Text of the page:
- Subscription online video services previously dominated by Netflix are now being offered by a variety of online service providers such as Amazon Prime, Microsoft Xbox, HBO Go, Xfinity, and Hulu Plus. In November 2002 Hollywood studios launched the first online video rental service. Since then, as broadband penetration increased, additional online services have launched—iTunes, Amazon, PlayStation, Xbox, Walmart/VUDU, Blockbuster, Comcast, DirectTV, AT&T, Verizon, and many others.
- Digital sell-through has also flourished. Consumers can now collect content in their own personal cloud service, called Ultraviolet, and watch their movies and TV shows anytime and anywhere on any Internet-enabled device. Consumers no longer need to be locked into to a proprietary service and/or device.
- The advertising-based model uses the same technology as the online video store but relies on advertising revenues rather than subscriptions or pay-per-view. This has attracted a large number of entrants, Hulu and Crackle being the most successful, although it is moving toward a subscription business model.
- Cable and satellite and telephone companies provide additional film distribution outlets.
- Major studios have also launched new online services offering movies and television shows directly to consumers, competing with traditional intermediaries.
Digital distribution through Blu-ray, DVD, and cloud services such as Ultraviolet, and authorized online services described above provide a promising opportunity for motion picture distributors to offer consumers the ability to access movies on the platform of their choice but also for independent and niche filmmakers lacking access to theatrical distribution to reach a broader audience. However, the persistence of Bittorrent file-sharing platforms and ad-supported cyberlockers continue to have a significant destabilizing effect on this market. Although copyright law and other remedies under the DMCA remain an effective tool against infringing services located in the United States, most, if not all illegal services have moved off shore to territories that lack effective enforcement mechanisms making it nearly impossible to slow the proliferation of infringing download and streaming services. While the motion picture industry has embraced more distribution channels than ever before, the greatest threat facing the industry is the illegal distribution of movies while still in theaters. This has had the greatest impact on independent filmmakers that have struggled to achieve financial success and reliable financing.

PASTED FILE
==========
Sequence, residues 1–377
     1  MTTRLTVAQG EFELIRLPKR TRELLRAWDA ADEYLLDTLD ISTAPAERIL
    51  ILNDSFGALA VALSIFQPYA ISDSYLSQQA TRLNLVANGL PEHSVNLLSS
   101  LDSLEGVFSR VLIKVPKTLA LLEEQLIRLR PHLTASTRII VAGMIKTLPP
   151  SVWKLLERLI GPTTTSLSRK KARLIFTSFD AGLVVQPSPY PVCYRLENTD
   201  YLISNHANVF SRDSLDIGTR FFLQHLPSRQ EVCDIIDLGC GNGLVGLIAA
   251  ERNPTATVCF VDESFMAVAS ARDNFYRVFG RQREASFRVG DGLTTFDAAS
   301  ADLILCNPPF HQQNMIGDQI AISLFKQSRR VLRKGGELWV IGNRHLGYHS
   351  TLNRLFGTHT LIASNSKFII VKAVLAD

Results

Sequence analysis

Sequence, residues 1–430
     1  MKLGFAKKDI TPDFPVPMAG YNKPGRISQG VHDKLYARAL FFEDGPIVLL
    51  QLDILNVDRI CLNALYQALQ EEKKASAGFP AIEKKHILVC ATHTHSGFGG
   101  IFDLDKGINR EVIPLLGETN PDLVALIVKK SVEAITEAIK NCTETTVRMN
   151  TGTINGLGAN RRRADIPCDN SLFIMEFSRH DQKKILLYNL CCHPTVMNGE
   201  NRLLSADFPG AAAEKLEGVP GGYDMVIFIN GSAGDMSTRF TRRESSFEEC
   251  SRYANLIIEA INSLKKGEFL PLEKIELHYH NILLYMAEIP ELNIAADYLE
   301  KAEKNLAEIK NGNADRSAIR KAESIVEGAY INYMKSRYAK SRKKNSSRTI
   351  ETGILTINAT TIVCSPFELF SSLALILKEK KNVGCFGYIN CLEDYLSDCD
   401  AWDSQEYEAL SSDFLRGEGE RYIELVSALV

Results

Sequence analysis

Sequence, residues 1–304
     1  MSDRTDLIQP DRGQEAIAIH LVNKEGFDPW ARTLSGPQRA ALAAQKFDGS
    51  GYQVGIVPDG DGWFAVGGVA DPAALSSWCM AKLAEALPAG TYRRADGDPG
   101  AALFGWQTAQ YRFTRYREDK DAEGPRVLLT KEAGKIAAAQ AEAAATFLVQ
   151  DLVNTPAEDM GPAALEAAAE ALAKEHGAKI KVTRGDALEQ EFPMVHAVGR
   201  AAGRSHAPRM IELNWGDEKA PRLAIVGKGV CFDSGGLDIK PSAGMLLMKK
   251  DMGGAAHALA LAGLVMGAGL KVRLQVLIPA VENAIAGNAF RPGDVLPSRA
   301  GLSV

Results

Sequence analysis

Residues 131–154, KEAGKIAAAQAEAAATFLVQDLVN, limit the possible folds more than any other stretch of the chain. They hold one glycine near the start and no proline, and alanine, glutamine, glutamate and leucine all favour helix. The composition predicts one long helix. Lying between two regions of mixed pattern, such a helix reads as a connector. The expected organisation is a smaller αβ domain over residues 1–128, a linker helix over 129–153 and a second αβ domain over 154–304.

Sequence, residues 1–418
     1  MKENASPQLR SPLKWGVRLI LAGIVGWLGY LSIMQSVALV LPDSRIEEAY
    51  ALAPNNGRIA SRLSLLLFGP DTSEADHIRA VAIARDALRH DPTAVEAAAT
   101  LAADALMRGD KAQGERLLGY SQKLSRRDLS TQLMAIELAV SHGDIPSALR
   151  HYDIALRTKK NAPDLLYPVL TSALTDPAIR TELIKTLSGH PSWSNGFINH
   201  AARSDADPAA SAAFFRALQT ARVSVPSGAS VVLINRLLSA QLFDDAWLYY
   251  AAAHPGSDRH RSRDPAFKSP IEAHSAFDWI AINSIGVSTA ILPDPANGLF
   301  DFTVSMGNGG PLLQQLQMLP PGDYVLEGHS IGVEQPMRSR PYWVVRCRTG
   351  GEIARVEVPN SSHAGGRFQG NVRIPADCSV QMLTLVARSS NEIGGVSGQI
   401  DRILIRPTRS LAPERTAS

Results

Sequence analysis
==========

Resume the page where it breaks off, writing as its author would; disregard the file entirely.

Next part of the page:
In the traditional supply chain model, authors seek out publishing houses that pay them an advance and royalties, sometimes find and groom authors, and finance the editing, reviewing, printing, marketing, and distribution of the book. Despite slim profit margins, this model persisted more or less unchanged since the introduction of large-scale production of low cost printing technologies, until the appearance of e-books, which began to increase market share in 2007 and are likely to surpass physical book sales within a few years.
Following the example of Apple, which marketed its iPod as the device on which consumers could enjoy music purchased from the iTunes store, book retailers adapted to digital technology by marketing e-readers, Amazon’s Kindle and Barnes and Noble’s Nook, as well as e-books with lower prices but higher profit margins than physical books. Apple followed in 2010 with the iBooks app on the iPad, followed now by Google on Android devices. E-books eliminated a publisher’s physical production and distribution costs. Moreover, digital distribution enables authors
to create and distribute their works cheaply or freely through online bookstores without the intermediary publisher. “Self-publishing” has been highly successful for some authors but is unlikely to be the most advantageous path for all. Major publishers continue to provide marketing and promotion that an individual author cannot do alone or as efficiently. But e-books and other digital materials have led to conflicts between book publishers and libraries, with charges of price-gouging, limiting the number of readers of an e-book copy before a new license must be purchased, and withholding titles.
The impact of copyright extends well beyond what are traditionally regarded as the creative domain—music, film, art, literature, and photography. We illustrate this impact here with two examples: software (discussed in the next section), and the publication of scientific research results. This is far from an exhaustive treatment of copyright’s reach outside of the traditional creative realms. Indeed, with the advent of research tools such as text and data mining, copyright can reach into the conduct of scientific and medical research itself.